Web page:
Summary: A Prayer for the New (Church) Year
Happy New Year! No, this is not a “Max Webber” greeting. Max (a member at St. Peter), as you know, likes to greet people with “Happy New Year!” no matter what time of year it is just to get a reaction. I, however, am very serious when I say “Happy New Year!” because even though January 1st is a month away, this Sunday, the first Sunday in Advent, marks the start of a new Church Year. As we kick-off this New (Church) Year I thought it would be fitting to come up with some New (Church) Year resolutions. What is it that you want God to do with your spiritual life this year? If nothing comes immediately to mind, then let’s use Paul’s prayer in our text as our prayer for the New (Church) Year: Lord, deepen our faith, and increase our love.
Paul’s prayer was originally for Christians living in the Greek city of Thessalonica. Paul stopped by that city on his second missionary journey and preached for three Sabbaths before being run out of town. Even though Paul had only been there a short while the Lord blessed his message and a number of people, both Jews and Greeks, were converted to the faith. The persecution of Christians, however, did not stop with Paul’s departure. Paul, therefore, was concerned for these new converts. Would they remain faithful in spite of the persecution? To find out, Paul sent Timothy back to Thessalonica to see how the church was doing (Acts 17). Thankfully, Timothy brought back a good report. Not only had the Thessalonians stood firm in the faith, they had spread God’s Word! It’s no wonder Paul said of the Thessalonians in our text, “How can we thank God enough for you in return for all the joy we have in the presence of our God because of you?” (1 Thessalonians 3:9) Parents who see their children stand firm in the faith even after they go off to college or to work in the “real world” understand well the joy Paul expressed in our text.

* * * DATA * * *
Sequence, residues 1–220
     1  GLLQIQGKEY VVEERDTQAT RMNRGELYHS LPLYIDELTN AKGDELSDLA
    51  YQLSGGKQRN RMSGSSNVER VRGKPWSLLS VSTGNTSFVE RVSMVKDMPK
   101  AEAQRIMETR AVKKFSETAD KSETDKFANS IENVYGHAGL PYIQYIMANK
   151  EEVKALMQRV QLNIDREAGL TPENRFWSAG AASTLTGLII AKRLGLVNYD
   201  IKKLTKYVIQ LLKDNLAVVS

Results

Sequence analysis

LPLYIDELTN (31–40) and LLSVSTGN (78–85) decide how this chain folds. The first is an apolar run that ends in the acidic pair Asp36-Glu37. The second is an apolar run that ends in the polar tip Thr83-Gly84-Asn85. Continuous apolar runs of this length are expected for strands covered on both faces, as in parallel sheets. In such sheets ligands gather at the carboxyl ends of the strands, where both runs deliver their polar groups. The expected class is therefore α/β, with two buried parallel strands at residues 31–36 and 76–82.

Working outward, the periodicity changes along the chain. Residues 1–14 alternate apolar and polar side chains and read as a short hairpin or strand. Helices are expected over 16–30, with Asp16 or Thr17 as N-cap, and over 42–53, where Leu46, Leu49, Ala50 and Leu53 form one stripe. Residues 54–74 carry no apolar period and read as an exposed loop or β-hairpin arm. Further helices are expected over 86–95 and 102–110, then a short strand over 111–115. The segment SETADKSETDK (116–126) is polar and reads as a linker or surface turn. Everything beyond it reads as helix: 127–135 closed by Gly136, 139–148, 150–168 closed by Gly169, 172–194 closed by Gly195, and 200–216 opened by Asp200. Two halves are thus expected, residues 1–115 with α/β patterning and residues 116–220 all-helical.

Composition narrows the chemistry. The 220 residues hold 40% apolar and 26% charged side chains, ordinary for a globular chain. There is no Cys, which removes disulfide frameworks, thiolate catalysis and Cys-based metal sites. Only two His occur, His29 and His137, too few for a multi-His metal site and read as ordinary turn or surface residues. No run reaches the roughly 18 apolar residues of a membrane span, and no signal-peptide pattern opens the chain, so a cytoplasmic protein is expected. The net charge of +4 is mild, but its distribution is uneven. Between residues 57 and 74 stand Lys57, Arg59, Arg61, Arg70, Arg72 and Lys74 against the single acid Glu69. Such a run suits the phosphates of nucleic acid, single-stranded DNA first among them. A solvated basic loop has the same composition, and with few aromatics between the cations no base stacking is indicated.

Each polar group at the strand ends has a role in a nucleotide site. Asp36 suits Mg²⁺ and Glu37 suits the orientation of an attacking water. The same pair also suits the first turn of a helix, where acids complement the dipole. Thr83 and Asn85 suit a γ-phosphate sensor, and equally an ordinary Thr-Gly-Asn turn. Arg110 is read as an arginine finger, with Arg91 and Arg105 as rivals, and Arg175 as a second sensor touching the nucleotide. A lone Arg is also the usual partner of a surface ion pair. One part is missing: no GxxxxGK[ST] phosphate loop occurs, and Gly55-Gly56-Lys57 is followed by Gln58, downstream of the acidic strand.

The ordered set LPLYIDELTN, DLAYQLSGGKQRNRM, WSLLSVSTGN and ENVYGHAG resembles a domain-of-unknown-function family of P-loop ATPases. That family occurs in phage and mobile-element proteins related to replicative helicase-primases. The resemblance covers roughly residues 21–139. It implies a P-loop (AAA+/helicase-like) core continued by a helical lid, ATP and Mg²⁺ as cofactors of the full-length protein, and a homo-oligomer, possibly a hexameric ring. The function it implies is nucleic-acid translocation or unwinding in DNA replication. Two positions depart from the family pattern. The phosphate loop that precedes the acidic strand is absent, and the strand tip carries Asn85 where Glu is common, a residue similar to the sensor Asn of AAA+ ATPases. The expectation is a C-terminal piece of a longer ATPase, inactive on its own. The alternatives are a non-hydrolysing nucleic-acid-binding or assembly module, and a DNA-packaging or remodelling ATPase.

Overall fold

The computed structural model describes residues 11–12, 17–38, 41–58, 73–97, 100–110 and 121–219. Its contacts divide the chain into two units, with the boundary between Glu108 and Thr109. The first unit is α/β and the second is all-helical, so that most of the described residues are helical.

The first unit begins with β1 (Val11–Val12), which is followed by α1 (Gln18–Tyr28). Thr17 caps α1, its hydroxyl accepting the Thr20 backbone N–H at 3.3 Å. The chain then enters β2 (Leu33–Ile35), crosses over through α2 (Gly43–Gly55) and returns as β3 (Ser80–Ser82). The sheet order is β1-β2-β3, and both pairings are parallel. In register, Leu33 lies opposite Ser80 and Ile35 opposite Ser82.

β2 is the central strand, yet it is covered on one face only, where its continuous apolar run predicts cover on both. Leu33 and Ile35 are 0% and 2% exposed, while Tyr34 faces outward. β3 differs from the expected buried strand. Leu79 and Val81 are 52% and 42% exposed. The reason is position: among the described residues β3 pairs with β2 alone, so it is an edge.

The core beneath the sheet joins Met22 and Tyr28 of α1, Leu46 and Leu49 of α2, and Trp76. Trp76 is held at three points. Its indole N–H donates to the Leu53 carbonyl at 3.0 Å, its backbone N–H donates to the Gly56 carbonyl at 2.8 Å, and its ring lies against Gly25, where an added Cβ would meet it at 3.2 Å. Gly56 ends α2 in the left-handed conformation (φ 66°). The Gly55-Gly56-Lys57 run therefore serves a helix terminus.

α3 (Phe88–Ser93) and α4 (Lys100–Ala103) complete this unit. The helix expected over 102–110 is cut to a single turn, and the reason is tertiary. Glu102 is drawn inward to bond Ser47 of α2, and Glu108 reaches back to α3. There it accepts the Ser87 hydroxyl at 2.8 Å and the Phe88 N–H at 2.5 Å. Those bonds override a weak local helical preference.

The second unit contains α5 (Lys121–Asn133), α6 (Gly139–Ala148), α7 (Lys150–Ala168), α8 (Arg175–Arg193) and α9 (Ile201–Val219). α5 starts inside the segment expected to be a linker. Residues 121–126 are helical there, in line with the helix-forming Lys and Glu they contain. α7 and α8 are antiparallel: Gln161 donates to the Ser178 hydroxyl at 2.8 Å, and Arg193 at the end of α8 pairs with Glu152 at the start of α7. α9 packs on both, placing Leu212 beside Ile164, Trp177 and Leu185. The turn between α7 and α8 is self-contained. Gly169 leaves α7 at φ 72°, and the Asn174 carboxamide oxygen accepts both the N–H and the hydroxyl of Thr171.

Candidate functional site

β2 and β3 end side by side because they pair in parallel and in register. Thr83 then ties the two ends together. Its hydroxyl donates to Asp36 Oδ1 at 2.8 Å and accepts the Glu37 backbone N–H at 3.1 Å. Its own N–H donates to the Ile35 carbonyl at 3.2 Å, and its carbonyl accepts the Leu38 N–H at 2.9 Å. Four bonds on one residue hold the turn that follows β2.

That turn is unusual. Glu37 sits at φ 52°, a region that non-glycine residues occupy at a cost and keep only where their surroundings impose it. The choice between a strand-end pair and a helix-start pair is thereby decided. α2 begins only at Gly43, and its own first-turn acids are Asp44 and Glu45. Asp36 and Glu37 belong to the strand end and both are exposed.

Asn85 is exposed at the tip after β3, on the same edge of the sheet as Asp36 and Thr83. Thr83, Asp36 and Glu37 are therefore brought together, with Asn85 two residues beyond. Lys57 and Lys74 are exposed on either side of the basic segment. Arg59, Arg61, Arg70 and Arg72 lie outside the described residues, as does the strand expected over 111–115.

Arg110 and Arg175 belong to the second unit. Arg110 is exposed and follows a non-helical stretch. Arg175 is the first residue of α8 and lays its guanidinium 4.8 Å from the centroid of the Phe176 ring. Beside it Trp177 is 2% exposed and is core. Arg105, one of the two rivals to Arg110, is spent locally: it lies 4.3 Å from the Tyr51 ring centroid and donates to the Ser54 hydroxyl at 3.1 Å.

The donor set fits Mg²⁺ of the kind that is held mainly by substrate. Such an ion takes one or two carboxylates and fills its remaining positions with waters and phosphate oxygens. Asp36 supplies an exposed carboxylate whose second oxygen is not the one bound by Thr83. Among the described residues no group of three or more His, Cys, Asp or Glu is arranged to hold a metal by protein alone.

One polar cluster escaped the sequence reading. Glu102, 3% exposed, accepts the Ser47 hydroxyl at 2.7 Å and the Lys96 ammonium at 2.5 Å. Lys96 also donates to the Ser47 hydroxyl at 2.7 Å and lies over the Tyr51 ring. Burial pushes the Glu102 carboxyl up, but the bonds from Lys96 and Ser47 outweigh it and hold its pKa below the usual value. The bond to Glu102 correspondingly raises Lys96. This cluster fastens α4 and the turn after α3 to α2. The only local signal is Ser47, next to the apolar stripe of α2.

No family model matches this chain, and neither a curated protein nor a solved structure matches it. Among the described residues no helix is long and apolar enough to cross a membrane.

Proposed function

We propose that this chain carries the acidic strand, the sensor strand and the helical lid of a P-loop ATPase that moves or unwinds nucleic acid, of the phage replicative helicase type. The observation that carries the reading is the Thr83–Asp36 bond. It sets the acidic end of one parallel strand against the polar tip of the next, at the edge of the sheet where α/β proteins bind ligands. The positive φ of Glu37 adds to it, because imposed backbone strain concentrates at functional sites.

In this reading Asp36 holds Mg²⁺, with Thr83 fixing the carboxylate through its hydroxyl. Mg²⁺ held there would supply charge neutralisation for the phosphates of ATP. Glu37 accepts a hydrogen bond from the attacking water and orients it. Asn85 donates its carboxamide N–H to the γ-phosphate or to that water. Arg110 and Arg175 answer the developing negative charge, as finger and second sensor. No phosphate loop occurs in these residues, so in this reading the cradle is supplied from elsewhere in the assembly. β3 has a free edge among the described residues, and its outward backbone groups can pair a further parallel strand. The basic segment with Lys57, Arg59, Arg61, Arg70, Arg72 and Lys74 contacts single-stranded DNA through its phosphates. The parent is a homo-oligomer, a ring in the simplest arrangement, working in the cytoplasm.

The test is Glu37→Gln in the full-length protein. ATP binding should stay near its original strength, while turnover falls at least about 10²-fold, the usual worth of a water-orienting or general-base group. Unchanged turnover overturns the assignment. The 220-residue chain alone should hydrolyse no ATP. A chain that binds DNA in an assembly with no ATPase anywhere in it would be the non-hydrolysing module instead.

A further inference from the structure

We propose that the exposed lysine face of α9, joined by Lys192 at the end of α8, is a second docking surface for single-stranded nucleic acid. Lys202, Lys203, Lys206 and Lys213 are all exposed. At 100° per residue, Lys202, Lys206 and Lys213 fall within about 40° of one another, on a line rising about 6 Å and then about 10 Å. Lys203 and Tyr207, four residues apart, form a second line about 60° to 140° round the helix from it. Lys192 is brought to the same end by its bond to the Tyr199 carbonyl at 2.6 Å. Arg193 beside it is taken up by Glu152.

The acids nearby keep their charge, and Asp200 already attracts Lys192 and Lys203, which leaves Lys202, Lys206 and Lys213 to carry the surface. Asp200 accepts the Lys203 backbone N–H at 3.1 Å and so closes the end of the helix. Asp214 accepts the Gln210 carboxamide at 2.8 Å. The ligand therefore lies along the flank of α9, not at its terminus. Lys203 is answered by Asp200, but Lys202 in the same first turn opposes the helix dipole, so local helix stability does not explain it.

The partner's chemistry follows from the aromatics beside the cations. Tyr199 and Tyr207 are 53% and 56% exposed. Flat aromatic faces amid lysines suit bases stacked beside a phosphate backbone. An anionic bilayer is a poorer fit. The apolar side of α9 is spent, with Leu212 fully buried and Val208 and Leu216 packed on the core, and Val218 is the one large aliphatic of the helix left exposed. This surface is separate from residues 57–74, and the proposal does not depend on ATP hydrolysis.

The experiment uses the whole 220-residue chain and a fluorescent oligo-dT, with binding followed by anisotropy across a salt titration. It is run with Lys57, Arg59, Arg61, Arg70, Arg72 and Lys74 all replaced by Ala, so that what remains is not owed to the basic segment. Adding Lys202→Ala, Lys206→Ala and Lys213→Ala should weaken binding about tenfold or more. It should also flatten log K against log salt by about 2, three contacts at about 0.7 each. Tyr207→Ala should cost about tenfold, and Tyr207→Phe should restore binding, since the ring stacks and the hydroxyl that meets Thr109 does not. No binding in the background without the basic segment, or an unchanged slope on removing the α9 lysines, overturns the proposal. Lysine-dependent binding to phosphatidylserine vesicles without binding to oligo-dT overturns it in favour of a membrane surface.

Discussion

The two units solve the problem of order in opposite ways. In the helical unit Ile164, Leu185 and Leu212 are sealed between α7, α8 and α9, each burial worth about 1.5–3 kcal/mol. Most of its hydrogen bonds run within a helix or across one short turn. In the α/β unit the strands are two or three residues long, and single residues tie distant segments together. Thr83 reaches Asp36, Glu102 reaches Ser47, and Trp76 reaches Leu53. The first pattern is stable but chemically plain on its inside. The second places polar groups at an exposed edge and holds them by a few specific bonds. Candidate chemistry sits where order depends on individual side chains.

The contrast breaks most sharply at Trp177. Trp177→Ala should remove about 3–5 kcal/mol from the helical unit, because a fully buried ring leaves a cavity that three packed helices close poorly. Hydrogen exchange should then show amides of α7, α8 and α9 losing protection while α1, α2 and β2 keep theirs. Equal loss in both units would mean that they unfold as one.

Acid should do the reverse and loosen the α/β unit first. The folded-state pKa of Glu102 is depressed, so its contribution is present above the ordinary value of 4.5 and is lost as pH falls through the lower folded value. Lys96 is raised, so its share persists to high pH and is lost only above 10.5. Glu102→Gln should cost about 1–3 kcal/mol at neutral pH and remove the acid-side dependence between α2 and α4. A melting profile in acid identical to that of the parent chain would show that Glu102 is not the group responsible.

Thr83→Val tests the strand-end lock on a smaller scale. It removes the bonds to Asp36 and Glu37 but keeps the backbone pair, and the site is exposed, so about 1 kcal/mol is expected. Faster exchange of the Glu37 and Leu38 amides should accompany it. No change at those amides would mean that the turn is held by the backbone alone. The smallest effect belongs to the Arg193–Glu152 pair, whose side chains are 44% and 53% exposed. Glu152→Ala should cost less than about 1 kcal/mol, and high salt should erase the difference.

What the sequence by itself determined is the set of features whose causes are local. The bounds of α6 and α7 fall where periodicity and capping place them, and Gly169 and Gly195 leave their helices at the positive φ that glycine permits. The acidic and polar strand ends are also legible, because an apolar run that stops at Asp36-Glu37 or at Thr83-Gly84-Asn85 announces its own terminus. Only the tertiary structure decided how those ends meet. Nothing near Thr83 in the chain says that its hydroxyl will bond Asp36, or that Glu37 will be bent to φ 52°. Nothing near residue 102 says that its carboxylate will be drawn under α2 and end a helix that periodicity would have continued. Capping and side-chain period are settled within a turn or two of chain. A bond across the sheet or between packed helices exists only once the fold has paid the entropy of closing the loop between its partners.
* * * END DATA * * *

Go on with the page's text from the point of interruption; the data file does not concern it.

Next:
Still Paul knew that his work with the Thessalonians wasn’t finished. He went on to say, “Night and day we pray most earnestly that we may see you again and supply what is lacking in your faith” (1 Thessalonians 3:10). Although the Thessalonians had demonstrated great trust in God’s promises, they still had a lot to learn about God’s Word. After all, Paul had only been with them for three weeks - just how much could he teach them in that short time? So what was it that Paul wanted to teach the Thessalonians yet? From the two letters Paul wrote the Thessalonians we learn that he taught them about the rapture, the antichrist, and church discipline. Do those seem like subjects you would teach “new” Christians? Probably not, in fact those doctrines don’t come up in our Bible Information Course until the last few lessons. That is perhaps unfortunate because we may give the impression that those doctrines are only for the “more advanced” Christian when in reality all Christians should know well every doctrine of the Bible. Indeed the writer to the Hebrews said, “Therefore let us leave the elementary teachings about Christ and go on to maturity, not laying again the foundation of repentance from acts that lead to death, and of faith in God, instruction about baptisms, the laying on of hands, the resurrection of the dead, and eternal judgment. And God permitting, we will do so” (Hebrews 6:1-3).